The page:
Transport for London raked in up to £130 million in fines in one year as drivers failed to pay for the Congestion Charge on time.
In the 12 months to September 2020, TfL also earned £52m from people paying the Charge correctly, making a combined income of £182m.
However, this could indicate that TfL’s revenues from the Congestion Charge have been massively impacted by the coronavirus pandemic, which saw fees suspended between late March and late June to make key worker travel easier during the first lockdown.
TfL data shows gross income for the 2019/20 financial year was £247m, compared with £229.9m in the previous year.
New research by Citroen UK shows that 817,000 penalty charge notices (PCNs) were given out to motorists in the 12 months prior to September 2020, with more than 60 per cent of fines being issued in the four months after the Congestion Charge was extended to seven days per week.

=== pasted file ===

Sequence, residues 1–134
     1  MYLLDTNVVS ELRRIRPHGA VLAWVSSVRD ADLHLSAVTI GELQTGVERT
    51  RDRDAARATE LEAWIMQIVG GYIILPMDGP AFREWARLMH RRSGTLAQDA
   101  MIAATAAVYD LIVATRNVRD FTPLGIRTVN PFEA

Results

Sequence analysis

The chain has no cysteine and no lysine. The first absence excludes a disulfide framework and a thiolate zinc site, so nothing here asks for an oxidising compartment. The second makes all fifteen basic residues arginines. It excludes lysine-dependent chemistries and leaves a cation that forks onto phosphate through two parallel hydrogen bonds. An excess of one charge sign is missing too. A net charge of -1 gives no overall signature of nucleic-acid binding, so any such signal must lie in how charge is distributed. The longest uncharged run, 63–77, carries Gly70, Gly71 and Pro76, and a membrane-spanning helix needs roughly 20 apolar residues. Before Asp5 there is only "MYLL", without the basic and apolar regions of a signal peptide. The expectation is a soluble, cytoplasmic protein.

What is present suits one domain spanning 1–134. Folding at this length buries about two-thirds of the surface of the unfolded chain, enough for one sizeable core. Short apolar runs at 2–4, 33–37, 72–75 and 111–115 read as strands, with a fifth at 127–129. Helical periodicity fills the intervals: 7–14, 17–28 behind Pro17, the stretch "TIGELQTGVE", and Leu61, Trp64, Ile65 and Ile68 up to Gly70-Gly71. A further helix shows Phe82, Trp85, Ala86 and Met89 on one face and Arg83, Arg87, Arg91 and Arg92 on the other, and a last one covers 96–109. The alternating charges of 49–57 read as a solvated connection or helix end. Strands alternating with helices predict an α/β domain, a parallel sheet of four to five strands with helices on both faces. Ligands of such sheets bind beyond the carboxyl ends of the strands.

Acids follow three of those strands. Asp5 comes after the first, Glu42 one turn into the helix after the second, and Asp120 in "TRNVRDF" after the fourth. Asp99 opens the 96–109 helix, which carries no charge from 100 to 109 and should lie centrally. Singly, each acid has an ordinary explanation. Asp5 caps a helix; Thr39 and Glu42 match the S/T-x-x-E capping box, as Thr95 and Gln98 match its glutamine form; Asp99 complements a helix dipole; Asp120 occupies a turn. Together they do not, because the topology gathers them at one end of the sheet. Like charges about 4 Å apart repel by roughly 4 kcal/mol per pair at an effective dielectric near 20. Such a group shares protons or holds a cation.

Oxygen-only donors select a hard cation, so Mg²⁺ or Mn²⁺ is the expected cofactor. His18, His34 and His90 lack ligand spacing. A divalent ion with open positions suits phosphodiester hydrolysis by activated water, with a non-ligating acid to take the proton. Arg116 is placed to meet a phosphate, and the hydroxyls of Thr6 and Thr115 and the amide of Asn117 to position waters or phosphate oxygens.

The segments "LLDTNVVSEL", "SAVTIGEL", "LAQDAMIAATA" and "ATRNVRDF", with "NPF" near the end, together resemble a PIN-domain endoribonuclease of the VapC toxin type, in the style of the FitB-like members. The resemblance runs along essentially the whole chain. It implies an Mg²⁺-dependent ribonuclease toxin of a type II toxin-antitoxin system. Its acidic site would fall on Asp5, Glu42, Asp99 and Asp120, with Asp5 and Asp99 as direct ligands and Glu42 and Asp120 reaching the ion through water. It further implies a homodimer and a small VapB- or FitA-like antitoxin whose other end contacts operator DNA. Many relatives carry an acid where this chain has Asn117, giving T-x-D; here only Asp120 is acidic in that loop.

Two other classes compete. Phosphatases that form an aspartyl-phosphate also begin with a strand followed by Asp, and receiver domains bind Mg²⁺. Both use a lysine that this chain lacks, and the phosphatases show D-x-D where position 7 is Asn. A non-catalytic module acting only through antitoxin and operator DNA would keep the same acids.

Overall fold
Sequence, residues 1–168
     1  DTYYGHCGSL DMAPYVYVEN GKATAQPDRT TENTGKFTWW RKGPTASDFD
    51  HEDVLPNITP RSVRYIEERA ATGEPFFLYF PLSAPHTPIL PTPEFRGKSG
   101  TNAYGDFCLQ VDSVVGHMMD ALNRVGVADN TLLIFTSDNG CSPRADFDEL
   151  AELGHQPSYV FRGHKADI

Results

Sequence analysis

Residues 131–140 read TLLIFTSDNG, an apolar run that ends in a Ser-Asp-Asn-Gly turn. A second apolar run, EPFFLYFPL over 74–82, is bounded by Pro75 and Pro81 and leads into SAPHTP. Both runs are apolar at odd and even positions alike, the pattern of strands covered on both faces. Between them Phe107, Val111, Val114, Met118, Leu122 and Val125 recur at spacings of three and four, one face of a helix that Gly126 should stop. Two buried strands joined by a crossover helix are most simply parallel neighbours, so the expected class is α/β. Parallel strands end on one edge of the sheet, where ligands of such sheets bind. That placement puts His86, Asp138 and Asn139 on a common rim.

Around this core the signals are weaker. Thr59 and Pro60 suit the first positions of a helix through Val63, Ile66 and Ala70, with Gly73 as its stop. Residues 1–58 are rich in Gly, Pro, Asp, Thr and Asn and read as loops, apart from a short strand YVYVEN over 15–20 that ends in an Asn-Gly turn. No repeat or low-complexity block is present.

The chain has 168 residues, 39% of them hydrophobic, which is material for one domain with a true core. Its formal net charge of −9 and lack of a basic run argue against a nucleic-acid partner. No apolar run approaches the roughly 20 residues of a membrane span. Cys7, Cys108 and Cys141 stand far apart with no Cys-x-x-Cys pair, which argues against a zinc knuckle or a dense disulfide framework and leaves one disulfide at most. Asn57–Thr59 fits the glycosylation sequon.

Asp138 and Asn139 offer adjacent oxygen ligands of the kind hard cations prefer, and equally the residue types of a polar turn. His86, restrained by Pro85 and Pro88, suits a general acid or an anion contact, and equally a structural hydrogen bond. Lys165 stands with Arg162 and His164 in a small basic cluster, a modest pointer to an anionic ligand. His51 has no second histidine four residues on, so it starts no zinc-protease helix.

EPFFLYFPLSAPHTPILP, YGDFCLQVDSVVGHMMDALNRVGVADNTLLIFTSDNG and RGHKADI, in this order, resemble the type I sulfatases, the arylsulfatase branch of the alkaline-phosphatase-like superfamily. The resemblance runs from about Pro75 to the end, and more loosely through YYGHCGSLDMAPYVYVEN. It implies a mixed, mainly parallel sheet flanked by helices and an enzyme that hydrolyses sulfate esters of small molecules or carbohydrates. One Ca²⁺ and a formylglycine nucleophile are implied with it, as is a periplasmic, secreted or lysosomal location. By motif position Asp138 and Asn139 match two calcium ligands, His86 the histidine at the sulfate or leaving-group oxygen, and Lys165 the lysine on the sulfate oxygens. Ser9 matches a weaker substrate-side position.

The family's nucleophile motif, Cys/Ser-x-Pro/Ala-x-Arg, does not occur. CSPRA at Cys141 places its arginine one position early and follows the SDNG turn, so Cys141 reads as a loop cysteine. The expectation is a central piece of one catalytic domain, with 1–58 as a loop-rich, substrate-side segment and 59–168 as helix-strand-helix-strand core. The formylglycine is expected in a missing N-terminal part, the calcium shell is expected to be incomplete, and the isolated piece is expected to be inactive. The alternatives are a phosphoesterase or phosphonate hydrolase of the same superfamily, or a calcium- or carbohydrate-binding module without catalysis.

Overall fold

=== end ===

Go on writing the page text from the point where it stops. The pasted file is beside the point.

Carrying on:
This suggests that a high proportion of PCNs were issued to motorists who were caught out by the rule change while making trips to the capital at the weekend.
The Congestion Charge fee was also increased when the extended days were introduced, going from £11.50 to £15. Motorists can avoid a £160 fine (reduced to £80 if paid within 14 days) if they pay the charge within three days of travelling within the specified zone.
Some vehicles are exempt from paying the charge, namely those that emit less than 75g/km of CO2 and have a minimum electric-only range of 20 miles.
Under current plans, the Ultra Low Emission Zone in London, which is separate to the Congestion Charge, will be expanding from October 25. It will operate 24 hours a day, seven days a week (excluding Christmas Day), and will grow its boundaries to the North and South Circular roads. The ULEZ sees the most-polluting vehicles charged £12.50 per day to enter.